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Our holiday wish…

It’s always around the holidays when we are reminded of how blessed our little organization is. We are so grateful to count you among our ever-growing community of supporters, collaborators & allies.

This year, each and every one of you continued to make a real and lasting impact for our immediate L.A community, arts education and the planet by aligning yourself with RuckusRoots’ goals and values. 

What more could we ask for?! 

We do have one item on our wishlist this year, however. Maybe it will resonate with you…

Our wonderful new interns (read up on our Strong Roots internship program if you’re interested) recently surveyed Highland Park community members about their hopes for their neighborhood in the coming year. What they learned echoes exactly what we’ve been hearing from citizens all over the L.A area – from Culver City to Echo Park, South Central, West Hollywood and beyond! 

People want deepened connections with one another. They want safer, more beautiful neighborhoods. They want to access to resources and tools that will teach them how to affect real, visible change in their homes and communities. 

It’s a tall order.

But here’s what we realized: We’re all on a mission to achieve the same goals!

We’re continually inspired and awed by the resilience and innovation of the Angelenos we meet through our work. Let’s get together and tackle these goals in 2020! 

Here’s to another year of empowering communities, deepening connections and making sustainable creative experiences accessible to all…

Happy holidays!

Kites For A Cause: Clean-ups, Community and Creativity in Frogtown!

If our Instagram feed is any indicator, we’ve been having a blast with our Kites For A Cause workshop series this summer!

We’ve nearly reached the halfway point (don’t panic, you’ve still got time to attend a session if you haven’t yet!), so we wanted to drop in and share a little bit more about the program…

Kites for a Cause is a series of one-day, pop-up-style workshops and river clean-ups hosted through our Frogtown partner site, Spoke Bicycle Cafe ( right along the L.A River bike path!) During each session, we are inviting the public to help clean up a section of the L.A river, and then join local artists in creating art objects (kites, flags, etc) inspired by their immediate neighborhoods and surrounding environment.

We have been having a wonderful time meeting our neighbors as they stroll along the bike path, and inviting them to take a minute or two to speak with us about ways to protect the river habitat. So many wonderful ideas have been shared, and we’ve been really inspired by everyone’s unique visions of what a happy, healthy community can look like. 

By granting the public the opportunity to create alongside talented local artists Robin Banks and Sarah Farmer, we think we’ve found a really fun way to raise awareness about the importance of protecting our local waterways. And more importantly, what we are doing each Saturday is having a real impact…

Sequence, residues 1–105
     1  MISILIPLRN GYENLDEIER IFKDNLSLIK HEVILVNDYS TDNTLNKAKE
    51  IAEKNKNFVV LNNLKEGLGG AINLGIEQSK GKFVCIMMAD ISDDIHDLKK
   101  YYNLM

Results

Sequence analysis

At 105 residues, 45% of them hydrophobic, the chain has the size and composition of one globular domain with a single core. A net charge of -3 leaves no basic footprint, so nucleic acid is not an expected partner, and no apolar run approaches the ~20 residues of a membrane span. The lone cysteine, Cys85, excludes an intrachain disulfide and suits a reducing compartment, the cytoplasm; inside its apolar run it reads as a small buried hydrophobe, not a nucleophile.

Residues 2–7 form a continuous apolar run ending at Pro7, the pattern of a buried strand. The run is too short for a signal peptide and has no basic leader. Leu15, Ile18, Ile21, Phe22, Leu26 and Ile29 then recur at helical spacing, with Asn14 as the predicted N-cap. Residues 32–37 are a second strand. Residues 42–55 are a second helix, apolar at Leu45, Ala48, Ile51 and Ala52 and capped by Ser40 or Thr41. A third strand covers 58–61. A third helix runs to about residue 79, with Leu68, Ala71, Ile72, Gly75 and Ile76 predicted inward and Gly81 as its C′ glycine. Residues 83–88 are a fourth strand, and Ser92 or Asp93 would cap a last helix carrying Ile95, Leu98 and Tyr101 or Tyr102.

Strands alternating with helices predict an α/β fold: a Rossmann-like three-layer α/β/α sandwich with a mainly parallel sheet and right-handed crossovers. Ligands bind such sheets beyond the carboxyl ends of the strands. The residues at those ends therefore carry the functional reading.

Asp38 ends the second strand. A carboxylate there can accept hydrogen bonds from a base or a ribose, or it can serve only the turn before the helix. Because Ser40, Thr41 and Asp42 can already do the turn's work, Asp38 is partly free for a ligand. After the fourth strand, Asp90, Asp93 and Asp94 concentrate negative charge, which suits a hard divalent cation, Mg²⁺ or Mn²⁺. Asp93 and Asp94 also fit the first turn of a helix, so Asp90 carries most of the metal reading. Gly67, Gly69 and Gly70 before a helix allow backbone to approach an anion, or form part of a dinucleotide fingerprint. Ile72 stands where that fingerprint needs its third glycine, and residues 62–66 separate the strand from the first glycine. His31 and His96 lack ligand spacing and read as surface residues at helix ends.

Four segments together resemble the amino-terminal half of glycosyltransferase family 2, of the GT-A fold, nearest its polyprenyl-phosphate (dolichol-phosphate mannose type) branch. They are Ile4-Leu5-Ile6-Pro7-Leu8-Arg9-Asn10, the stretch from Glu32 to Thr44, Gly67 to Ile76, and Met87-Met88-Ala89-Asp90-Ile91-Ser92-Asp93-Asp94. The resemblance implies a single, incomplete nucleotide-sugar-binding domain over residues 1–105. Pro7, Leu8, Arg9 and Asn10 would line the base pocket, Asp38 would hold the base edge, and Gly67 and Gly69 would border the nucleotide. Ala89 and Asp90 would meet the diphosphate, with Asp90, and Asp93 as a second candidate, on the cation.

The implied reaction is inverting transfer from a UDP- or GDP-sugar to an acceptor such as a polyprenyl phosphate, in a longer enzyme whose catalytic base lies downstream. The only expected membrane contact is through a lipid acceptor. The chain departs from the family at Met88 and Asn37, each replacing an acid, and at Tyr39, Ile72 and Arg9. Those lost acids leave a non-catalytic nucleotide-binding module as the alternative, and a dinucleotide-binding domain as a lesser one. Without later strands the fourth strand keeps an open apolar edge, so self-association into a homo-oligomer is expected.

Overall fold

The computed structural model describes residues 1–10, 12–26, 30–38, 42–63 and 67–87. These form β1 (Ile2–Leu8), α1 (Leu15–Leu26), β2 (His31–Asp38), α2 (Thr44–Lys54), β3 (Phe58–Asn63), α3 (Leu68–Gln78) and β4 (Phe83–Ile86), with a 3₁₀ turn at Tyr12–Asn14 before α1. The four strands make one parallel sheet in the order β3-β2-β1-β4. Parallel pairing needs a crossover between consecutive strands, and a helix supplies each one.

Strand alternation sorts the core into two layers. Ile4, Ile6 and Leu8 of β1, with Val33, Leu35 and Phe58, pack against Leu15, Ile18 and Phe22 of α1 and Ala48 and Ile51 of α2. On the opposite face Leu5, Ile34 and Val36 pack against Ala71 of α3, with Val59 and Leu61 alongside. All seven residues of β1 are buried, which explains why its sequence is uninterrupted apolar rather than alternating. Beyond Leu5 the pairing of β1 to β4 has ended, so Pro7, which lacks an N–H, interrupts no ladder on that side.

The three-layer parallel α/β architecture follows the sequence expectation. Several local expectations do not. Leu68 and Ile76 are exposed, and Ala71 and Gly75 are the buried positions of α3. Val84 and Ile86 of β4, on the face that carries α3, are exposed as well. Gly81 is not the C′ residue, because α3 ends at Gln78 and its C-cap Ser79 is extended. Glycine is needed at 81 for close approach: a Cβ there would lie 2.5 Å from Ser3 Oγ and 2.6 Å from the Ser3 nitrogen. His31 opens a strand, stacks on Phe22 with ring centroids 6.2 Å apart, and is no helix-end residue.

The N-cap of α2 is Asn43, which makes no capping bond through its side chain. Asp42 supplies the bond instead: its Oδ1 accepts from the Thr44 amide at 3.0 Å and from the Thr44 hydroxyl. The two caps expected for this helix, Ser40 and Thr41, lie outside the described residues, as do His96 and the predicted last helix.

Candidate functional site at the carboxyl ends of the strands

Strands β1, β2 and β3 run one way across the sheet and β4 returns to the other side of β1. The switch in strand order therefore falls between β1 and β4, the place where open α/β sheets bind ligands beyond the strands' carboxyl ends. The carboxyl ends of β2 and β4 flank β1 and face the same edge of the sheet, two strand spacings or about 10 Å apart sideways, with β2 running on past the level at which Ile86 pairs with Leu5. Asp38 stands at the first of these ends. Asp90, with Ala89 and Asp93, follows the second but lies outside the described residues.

Together with our participants, we’ve collected over 25 pounds of trash from the L.A River so far, and created more than 15 stunning works of art to display! 

 

The remaining Kites for a Cause pop-ups are scheduled for Saturdays August 17th and 24th from 10am to 2pm, and in the spirit of our mission to provide creative educational opportunities to all, every workshop is free to the public and accessible to people all ages and abilities. 

We hope to see your faces in the coming weeks! 

Latest Update from Wild Art

Our recent Wild Art program took place at Eucalyptus Elementary School in Hawthorne, CA during the fall semester of 2018. Our Artist Mentors worked with 200 4th graders over a six-week session – each teaching a total of 12 integrated art/ecology/sustainability lessons we developed especially for Eucalyptus Elementary students. We even brought in wildlife expert, Miguel Ordenana, from the Natural History Museum of Los Angeles to teach the students about urban wildlife right in their own backyards and how to help protect their local environments. For their culminating project, students made a canvas out of recycled plastic bags and created a painting inspired by LA wildlife – connecting their lessons about conservation methods, ecology and creativity together in one piece. 

We are so excited to share the video below – featuring our artists at work in the classrooms and highlighting students busy making art!  As you can see, a single canvas is made from 20 recycled plastic bags, and this with this canvas-making process, we were able to divert 4000 plastic bags from local landfills, river and streets! 

The final step in for this program is to create a mural from the student’s individual canvas paintings. It will be a great way for the students to see their work displayed on campus and share our work with the larger school community. We are currently in the last stages of this and hope to install the mural on campus mid to late March 2019!